United States of America, Plaintiff-appellee, v. Michael Lee Starnes, Defendant-appellant, 885 F.2d 867 (4th Cir. 1989)Annotate this Case
Michael Lee Starnes, appellant pro se.
Thomas J. Ashcraft, United States Attorney, for appellee.
Before DONALD RUSSELL, MURNAGHAN, and WILKINS, Circuit Judges.
Michael Starnes pleaded guilty to one count of presenting a false claim to the Internal Revenue Service. The basis for the charge was that Starnes filed a fraudulent 1985 income tax return in February 1986. In 1988, Starnes was sentenced to three years in prison and ordered to pay restitution and costs. He then filed a Fed. R. Crim. P. 35(a)1 motion to correct an illegal sentence. Starnes contended that he should have been sentenced under the sentencing guidelines.2 See 18 U.S.C. § 3553. The district court held that the guidelines apply only to offenses occurring on or after November 1, 1987. We agree.
The guidelines went into effect on November 1, 1987. See Sentencing Reform Act of 1984, Pub. L. 98-473, Title II, Ch. II, Sec. 235(a) (1), 98 Stat. 2031, as amended by Section 4 of Pub. L. 99-217, 99 Stat. 1728. However, as enacted, Congress did not specify whether the guidelines would apply to offenses committed prior to the effective date of the guidelines. On December 7, 1987, Congress amended the enabling statute and expressly limited the applicability of the guidelines to criminal offenses committed after November 1, 1987. See Sentencing Act of 1987, Pub. L. 100-182, Sec. 2(a), 101 Stat. 1266. We must abide by Congress' express intent. Therefore, like the other courts that have ruled on this issue, see United States v. Stewart, 865 F.2d 115, 116-17 (7th Cir. 1988); United States v. Haines, 855 F.2d 199, 201 (5th Cir. 1988); United States v. Rewald, 835 F.2d 215, 216 (9th Cir. 1988); United States v. Kelly, 680 F. Supp. 119, 120-21 (S.D.N.Y. 1988), we hold that the guidelines do not apply to offenses committed prior to November 1, 1987. Consequently, Starnes' claim is meritless.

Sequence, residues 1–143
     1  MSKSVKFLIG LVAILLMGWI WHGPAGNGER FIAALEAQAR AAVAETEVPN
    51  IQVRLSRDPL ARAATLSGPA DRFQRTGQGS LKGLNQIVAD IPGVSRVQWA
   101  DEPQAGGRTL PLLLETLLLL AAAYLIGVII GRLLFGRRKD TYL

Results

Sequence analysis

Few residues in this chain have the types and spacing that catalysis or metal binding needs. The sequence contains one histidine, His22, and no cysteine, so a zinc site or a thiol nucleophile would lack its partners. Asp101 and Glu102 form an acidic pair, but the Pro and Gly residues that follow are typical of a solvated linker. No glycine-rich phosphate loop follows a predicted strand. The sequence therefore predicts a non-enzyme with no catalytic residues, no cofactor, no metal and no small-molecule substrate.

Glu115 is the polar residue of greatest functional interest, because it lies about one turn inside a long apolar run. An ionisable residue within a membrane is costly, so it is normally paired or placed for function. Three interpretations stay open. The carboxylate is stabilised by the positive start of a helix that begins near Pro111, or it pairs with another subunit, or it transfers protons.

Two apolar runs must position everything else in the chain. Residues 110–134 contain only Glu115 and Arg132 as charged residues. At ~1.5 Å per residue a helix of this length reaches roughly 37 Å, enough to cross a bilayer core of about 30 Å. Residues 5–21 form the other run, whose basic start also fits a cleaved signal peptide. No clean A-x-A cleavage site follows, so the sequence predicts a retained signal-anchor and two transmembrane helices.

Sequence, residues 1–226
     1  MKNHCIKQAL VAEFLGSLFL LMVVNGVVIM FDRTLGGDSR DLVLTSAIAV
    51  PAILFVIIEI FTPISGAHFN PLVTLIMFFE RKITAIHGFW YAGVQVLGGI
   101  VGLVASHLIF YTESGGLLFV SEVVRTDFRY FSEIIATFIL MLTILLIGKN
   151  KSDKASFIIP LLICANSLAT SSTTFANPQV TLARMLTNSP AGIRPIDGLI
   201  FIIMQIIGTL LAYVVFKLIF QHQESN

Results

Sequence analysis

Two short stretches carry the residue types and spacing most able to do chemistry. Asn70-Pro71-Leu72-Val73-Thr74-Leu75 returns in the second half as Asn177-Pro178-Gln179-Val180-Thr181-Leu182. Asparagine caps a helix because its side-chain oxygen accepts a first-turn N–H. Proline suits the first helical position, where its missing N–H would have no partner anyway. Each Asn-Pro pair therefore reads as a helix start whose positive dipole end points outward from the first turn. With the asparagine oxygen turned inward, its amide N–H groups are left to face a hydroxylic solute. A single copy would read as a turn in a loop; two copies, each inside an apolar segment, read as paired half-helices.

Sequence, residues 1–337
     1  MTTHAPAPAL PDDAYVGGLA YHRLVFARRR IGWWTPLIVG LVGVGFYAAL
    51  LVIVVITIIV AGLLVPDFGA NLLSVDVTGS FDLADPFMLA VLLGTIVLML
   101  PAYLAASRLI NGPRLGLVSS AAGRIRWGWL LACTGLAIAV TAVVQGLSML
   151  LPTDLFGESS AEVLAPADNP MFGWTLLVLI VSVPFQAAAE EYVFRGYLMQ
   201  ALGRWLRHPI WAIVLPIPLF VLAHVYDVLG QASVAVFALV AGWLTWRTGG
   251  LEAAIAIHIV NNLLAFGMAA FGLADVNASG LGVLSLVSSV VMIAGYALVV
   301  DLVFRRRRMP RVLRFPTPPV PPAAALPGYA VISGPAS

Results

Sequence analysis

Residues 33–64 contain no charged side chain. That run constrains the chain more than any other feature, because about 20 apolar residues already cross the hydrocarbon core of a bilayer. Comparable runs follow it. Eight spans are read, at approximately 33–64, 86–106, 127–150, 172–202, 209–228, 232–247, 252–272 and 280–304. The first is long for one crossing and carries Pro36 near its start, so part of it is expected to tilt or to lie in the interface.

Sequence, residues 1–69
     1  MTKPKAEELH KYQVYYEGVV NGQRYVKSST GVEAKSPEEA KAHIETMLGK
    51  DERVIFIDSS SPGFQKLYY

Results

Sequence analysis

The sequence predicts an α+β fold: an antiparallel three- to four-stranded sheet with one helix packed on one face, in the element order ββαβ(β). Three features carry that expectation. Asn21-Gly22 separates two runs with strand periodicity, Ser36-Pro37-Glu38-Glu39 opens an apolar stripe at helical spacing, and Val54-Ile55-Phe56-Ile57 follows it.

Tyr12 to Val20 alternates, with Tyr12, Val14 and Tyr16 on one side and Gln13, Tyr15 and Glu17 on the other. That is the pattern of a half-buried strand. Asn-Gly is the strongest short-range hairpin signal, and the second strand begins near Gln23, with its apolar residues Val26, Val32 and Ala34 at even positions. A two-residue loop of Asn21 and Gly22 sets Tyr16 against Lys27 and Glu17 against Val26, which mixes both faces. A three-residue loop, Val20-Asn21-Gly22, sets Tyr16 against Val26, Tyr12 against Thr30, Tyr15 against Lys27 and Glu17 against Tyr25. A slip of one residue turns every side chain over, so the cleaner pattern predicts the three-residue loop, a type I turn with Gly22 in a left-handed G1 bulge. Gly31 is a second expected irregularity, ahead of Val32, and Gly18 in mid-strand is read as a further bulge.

We dispense with oral argument because the facts and legal contentions are adequately presented on this record and oral argument will not aid the decisional process.